Internet Explorer 9 should be the go-to browser for organizations concerned about protecting machines from malicious downloads, according to a new study from NSS Labs: Microsoft's browser trounced rivals Chrome, Firefox, and Safari in the security company's more recent malware-blocking tests, a significant win considering that traditional malware remains among the most prevalent threats to users.
Although that should the most important take-away for security-minded IT professionals and end-users alike, the report -- "Did Google pull a fast one on Firefox and Safari users?" (PDF) -- spends considerable time accusing Google of depriving Firefox and Safari users of its latest malware-fighting capabilities, which lifted Chrome far above the other two in the tests.
Did Google hold out? Not really; it seems, rather, that Mozilla has been hesitant to embrace the Chrome's latest Safe Browsing API v2 technology, due to privacy concerns. The API works by sending Google the URLs for suspicious pages or executables downloads that aren't white-listed, and neither Mozilla nor Safari use it.
More important, does it matter if Google held out? To a degree, yes, in that Firefox and Safari do rely on Google's Safe Browsing API for identifying potential malware and warning users against accessing it. Thus, they understandably should want the best protection Google can provide.
But the best protection Google provides apparently ain't that great, if NSS Labs' testing is to be believed: Chrome's malware-blocking rate using Google's latest and greatest Safe Browsing upgrades is still a lowly 34.1 percent. Yes, that's better than Firefox 7's 3.6 percent block rate and Safari 5's 3.5 percent block rate, but it's tough to imagine the average IT security professional sleeping easy with machines running browsers that are just 34.1 percent effective at blocking malware.
That's NSS Labs' conclusion: "While NSS does not recommend switching browsers based on the results of these tests alone, if you currently have a free choice of browser, then Internet Explorer 9 offers the most comprehensive protection from these particular threats."
The report also discusses whether Google is somehow to blame for Firefox's and Safari's for respective low scores. Google rolled out its newest malicious-download protection in December, and it appears to help Chrome block malware downloads. During the tests, NSS Labs observed that Chrome, Firefox, and Safari offer nearly equal protection. However, with the technology implemented, Chrome fared considerably better in blocking malware downloads over the span of the testing.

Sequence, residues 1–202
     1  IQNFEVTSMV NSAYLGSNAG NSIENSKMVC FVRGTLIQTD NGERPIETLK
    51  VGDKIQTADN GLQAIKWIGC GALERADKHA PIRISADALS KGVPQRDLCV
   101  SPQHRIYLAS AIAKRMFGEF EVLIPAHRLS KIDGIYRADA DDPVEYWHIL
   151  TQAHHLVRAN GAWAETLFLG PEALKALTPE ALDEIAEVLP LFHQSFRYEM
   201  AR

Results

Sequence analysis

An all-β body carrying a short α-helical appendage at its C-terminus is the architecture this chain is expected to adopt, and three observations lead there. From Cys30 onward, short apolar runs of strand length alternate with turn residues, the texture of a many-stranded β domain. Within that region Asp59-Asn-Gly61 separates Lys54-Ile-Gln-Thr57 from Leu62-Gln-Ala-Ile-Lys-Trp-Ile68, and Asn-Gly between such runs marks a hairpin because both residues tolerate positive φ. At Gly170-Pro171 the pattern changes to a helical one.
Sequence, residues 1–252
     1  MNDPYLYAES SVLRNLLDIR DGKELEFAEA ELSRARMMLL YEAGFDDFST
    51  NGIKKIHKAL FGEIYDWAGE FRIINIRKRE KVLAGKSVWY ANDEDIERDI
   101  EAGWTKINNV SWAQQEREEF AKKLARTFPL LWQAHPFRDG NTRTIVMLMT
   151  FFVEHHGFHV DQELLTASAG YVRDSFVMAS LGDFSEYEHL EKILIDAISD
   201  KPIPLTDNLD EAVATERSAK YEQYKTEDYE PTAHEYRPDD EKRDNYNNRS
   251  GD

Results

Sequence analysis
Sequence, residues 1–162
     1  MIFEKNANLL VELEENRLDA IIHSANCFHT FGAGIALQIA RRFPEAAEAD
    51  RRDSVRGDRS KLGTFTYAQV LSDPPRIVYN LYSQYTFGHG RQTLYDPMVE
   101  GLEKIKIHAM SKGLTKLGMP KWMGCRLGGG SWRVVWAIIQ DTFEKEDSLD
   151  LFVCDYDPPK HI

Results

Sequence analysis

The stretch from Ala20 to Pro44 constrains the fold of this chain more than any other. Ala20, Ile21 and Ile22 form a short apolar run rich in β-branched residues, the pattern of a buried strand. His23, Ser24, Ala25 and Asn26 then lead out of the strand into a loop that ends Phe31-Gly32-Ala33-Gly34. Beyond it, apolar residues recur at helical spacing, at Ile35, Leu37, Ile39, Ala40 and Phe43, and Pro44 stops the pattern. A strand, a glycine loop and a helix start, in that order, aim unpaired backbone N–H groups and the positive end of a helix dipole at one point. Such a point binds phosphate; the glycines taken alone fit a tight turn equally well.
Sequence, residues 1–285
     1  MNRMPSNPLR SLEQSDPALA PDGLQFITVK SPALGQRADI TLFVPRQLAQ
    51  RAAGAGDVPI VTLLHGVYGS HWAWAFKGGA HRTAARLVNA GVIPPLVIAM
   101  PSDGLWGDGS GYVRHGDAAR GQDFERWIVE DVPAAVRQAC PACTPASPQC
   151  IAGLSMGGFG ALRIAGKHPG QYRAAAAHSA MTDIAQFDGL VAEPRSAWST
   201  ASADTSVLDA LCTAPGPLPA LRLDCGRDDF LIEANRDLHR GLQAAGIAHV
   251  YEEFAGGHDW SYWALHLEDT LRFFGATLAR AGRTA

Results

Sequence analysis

The question, then, is why don't Mozilla and Safari use the feature? According to NSS, "It's an undocumented API call to block malware once download begins. This API is not utilized by Firefox or Safari, apparently due to lack of documentation and a proprietary format."
That's not so, according to Google. The company has insisted that it has been open about how the Safe Browsing feature works and has made the technology available to Mozilla. "Our understanding is that Mozilla is still waiting for more data from Google about the effectiveness of our new technology, and is considering those benefits against the limited circumstances when URLs are sent to Google for scanning," Google Chrome senior product manager Ian Fette wrote on ZDNet.
"Microsoft takes a similar approach in Internet Explorer that involves sending URLs to Microsoft," he added.
Privacy concerns indeed appear to be playing a role in Mozilla's hesitancy to adopt Google's latest security changes. "[Google's Safe Browsing team] has made phishing and malware detection services available to our users, and these are already implemented in Firefox," Johnathan Nightingale, Mozilla's director of Firefox engineering, told InfoWorld. "Their new services communicate more information back to Google about a user's browsing history, and we are still evaluating the merits of that approach."
Ed. note: As originally published, this story neglected to mention that Microsoft has funded NSS Lab tests in the past, although NSS Labs claims it did not receive funding for this test. InfoWorld apologizes for the omission.
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